important of these is a rental equivalence treatment of homeownership like that employed in the experimental CPI X-l. In addition,
the PCE chain index uses an up-to-date market basket reflecting
relatively current consumption patterns.
The chain index thus
avoids the upward bias associated with fixed-weight indexes and at
the same time does not compound shifts in consumption patterns with
price change as does the better-known implicit deflator form of
PCE.
GNP Measures.
By accepting a price measure that is somewhat
broader than the one confined solely to consumption goods, it is
possible to measure price change with the direct impact of import
prices removed. This can be done with the index of gross national
product prices, which measures all goods and services produced by
the United States. Alternatively, subsets of GNP that are still
free of the direct effect of import prices include GDBP (gross
domestic business product), which subtracts principally the government sector, and PNB (private nonfarm business), which additionally
subtracts the sometimes volatile farm sector. Personal consumption
is the dominant component of each of these, accounting for nearly
four-fifths of PNB. As is the case with the PCE, these series are
available as fixed-weight, chain-weight, and implicit deflator
measures, with the chain-weight being most suitable for measurement
of period-to-period price change using up-to-date consumption
patterns.
Wage Measurements. Wages can be used for indexation, instead
of prices, as in a number of European and South American countries.
Indexation with wages tends to preserve a relative standard of
living in contrast to an absolute standard. As the economy expands
through gains in productivity, these gains are reflected in higher
wages. Wage indexation enables those receiving indexed benefits to
share in this growth. Similarly, declines in wage growth relative
to prices will also be transmitted to indexed benefits.
One
candidate for a wage index is the Hourly Earnings Index (HEI),
which contains adjustments for overtime hours and employment




xvi

shifts between high- and low-wage industries and occupations that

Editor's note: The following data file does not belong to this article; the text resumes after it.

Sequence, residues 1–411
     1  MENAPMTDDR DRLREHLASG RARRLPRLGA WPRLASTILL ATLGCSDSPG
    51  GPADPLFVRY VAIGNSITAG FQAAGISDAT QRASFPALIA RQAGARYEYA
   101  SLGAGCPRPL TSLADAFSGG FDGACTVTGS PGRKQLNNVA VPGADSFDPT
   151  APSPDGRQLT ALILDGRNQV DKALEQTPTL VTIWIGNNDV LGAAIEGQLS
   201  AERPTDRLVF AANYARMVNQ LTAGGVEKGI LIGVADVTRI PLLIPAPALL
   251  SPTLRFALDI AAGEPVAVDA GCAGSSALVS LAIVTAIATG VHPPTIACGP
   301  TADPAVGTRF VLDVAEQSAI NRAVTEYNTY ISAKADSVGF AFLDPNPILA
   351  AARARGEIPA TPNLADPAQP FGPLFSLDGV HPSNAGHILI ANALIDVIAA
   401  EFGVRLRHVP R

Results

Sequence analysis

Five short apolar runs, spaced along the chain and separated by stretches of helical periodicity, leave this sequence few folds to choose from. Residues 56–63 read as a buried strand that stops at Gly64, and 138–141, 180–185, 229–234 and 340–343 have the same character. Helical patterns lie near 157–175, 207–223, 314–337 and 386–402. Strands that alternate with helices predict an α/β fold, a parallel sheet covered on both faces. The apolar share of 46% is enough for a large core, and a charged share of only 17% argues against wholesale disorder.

might otherwise affect the measure of wage growth. Another candidate is the Spendable Earnings series that, although lacking the
refinements of the HEI, has the advantage of providing a measure of
after-tax wage income. This is done by subtracting an estimate of
worker payments for Social Security and federal income taxes from
gross weekly earnings.
Indexation with the latter measure would
result in changes in indexed benefits paralleling the spendable
earnings of wage earners.

The Switching Proposal
A much-discussed proposal is to use either a wage or a price
index, whichever has increased the least.
The argument for
this proposal is that it is unfair to give more inflation protection to federal beneficiaries than wage earners can obtain, particularly since the benefits are financed largely through payroll and
income taxes on wage earners.
One consequence of this proposal,
however, would be to reduce progressively the real level of indexed
federal benefits. Benefits would be reduced when real wages fell,
but not restored when real wages rose.
This difficulty could be
overcome through a modification of the switching proposal that
would reduce benefit levels when real wages fell but would make
this reduction only temporary until real wages resumed their former
level.
When real wages resumed growing,
the switch back to a
price index would be delayed until benefits had reached their
previous level in real terms.

Other Approaches to Indexing
Other approaches to indexing include putting a cap on benefit
increases. Two variants have been proposed. One would cap benefit
increases at some fraction of the CPI increase, say at 75 or 85
percent.
The drawback of this formula is that it is arbitrary
and automatic.
Another approach would use a discretionary cap,
similar to the manner in which federal pay is adjusted. Beneficiaries could receive the full index change unless the President
proposed a lesser amount and the Congress did not override his
proposal. This would have the advantage of being flexible so that
it could be adapted to changing economic circumstances and different types of price behavior.

xvii
O-i+OO

0 - 8 1 - 2




THE FOOD STAMP PROGRAM
At present, three provisions
indexed:

of the Food Stamp Program are

o

The level of the standard allotment
prices of the Thrifty Food Plan;

is indexed to the

o

Applicants1 income, for purposes of determining eligibility
and benefits, is adjusted by a standard deduction that is
indexed to changes in the CPI less food, and by itemized
deductions the limit on which is indexed to a specific
index developed from CPI data;

o

Eligibility criteria are based on the poverty level defined
by the Office of Management and Budget, which is adjusted
by year-to-year changes in the CPI.

Policy Options for Indexing the Food Stamp Program
Thrifty Food Plan.
The prices of the Thrifty Food Plan
resemble the CPI food-at-home category except that some items are
excluded and the remainder reweighted to reflect adequate nutritional standards and the consuming habits of low-income households.
This method of indexing the level of food stamp allotments is
tailored to maintaining the value of the specific benefits provided
by the program.
It suffers the shortcomings of a fixed, baseweighted index in not allowing for substitution or changing consumption patterns, and this may be more important within the food
category where relative price changes are sometimes larger than in
an overall consumption measure like the CPI. But these food price
changes are often transient, and to capture their effects would
require frequent updating of the market basket.
Currently there is no alternative index that would provide
greater advantages in indexation, assuming that the purpose of